Arak is an alcoholic drink produced from corn grain, barley, or other grain crops. The history of Arak can be traced back thousands of years, although Ossetic traditions and behavioural norms did not approve of engaging into drunkenness, or inducing others. However, it does not mean that Ossets were total abstainers. On special occasions, weddings, funeral receptions and other traditional celebrations our ancestors enjoyed Arak and Ossetic beer, but did so with dignity and knowing their limit. Furthermore, Ossets never drank without reason, merely out of the desire to drink. Recently, in certain and particularly in southern regions of Ossetia, Arak has been distilled from sources other than grain, such as fruits. But nonetheless, original Arak resulted from grain, and in the given article we will concentrate on this technology.
The taste and smell of Arak can be compared to Scottish whiskey, and certain types of the latter are very close to purified Arak of double distillation. This interesting fact in our opinion deserves the attention of historians, who study Alanian roots and their traces in Western Europe. Equally, I will be very glad if someone will take the opportunity to share an antique recipe of whiskey preparation.
Thus, how was Arak produced (distilled) by our grandmothers and grandfathers? They took approximately 10 – 20 kg (depending on the intended amount of the final product) of selected grain (zadag). The quality of grain for ferment determines the quality of the final product. The grain was then soaked in a large saucepan or a special pot and was set aside for three days. Following that period it was removed and spread out on an oilcloth or in a shallow trough in a layer of 5 to 7 cm thick and tightly covered with a blanket. If the layer is too thick, the grain might mould, if too thin, it will dry out. The grain must be allowed to sprout nicely, after which it is spread out in the sun to dry.
Germinated and dried grain is then grinded and placed in a sack. The ‘working’ grain was also grinded and boiled to form a gruel-like substance known as kasha. Its amount should exceed that of the grain for ‘zadag’ by 3 or 4 times, and the quality of the grain may be lower. This grain was boiled in large cast pots in the proportion of 2 buckets of water to 2 buckets of flour. After the kasha cooled, some flour from zadag would be added (3 kg of zadag for 10 kg of ‘working’ flour) and mixed thoroughly. The kasha became more liquid in substance and after it cooled further it was poured into steel barrels. Next a bucket with kasha was separated and after yeast was added to it, it was evenly distributed across the barrels with kasha (arakag). The substance was mixed once more and the barrels were tightly closed with a lid or a dense material. Air must not seep inside. The ferment was left alone for a week, after which the distillation can begin.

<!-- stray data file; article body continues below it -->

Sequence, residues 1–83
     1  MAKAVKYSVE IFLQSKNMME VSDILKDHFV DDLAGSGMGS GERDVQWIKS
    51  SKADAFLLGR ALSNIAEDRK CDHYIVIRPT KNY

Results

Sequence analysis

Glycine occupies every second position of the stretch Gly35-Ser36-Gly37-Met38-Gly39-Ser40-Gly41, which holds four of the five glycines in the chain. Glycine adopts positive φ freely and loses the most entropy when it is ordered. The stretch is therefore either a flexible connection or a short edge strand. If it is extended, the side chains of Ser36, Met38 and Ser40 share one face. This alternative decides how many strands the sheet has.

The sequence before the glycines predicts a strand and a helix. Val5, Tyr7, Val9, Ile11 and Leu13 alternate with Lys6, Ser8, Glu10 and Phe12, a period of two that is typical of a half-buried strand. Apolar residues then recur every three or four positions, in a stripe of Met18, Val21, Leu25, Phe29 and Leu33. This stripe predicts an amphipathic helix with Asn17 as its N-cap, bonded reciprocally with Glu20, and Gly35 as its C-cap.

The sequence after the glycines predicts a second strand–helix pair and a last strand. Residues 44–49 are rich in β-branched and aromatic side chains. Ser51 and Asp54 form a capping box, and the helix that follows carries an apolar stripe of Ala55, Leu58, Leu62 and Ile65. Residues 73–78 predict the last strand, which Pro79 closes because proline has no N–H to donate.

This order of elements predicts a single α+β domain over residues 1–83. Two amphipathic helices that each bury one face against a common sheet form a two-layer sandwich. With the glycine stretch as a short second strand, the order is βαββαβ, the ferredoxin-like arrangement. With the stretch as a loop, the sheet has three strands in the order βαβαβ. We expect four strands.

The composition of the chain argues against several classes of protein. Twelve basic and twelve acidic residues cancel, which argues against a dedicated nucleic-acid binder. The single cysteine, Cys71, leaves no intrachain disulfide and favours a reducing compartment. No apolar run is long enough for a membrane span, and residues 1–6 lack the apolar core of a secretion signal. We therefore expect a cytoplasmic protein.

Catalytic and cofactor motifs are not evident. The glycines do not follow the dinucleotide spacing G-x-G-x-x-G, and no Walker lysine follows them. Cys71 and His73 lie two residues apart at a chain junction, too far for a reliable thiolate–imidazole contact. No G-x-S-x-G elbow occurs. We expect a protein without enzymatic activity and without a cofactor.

Nearly every household had special distilling equipment which consisted of a 50 litre cast-iron pot, a wooden cover and a 200 litre barrel with 2” copper tube penetrating the barrel.
The ferment (arakag) was loaded into the pot, which was tightly closed with the cover with a pipe bend (see drawing).
For a tighter seal the edges of the lid were also coated with kasha. The openpipe bend in the lid was also closely connected to the copper tube in the barrel, or a trough with cold water in the older times (see drawing).
As soon as the fire was kindled underneath the pot, the ferment began to cook. The fire must be kept moderate, as to avoid the splattering of the ferment through the pipe bend. In the same time the water in the barrel must be kept in a cooled down state, for which usually one of the younger members of the household was placed in charge of stirring the water. In the more recent times a specially manufactured steel cooler with a hose connecting to the faucet replaced the barrel.
After a certain period of time, the steam from the ferment, upon traveling through the tube, condensed into a liquid and trickled out of the opposite end of the pipe. A 10 litre glass vessel was situated underneath the tube, while over it was placed a filter consisting of a layer of clean medicinal cotton. It was replaced with a fresh one after every container of ferment. A full pot yielded on average 10 litres of Araka with 23 to 27% of alcohol. Notably, the first few streams are mush more concentrated than the succeeding ones. The last decades have witnessed the addition of sugar to the ferment for higher concentration. However, according to many testimonials this tactic results in headaches and overall unpleasant sensations fro those who consume the product.
Equally, double distillation of Arak is not uncommon. In this case the pot is filled with already prepared Arak instead of the ferment and underwent distillation again. The quantity decreased, however the quality increased. The concentration of alcohol rose noticeably.
The given description is presented for general information only. We strongly advise against the use of this information for the preparation of Arak within the household.
In most countries the legislation strictly prohibits the production of alcoholic beverages in private. Furthermore, the substance is highly flammable and its preparation within the home setting may lead to a tragic outcome.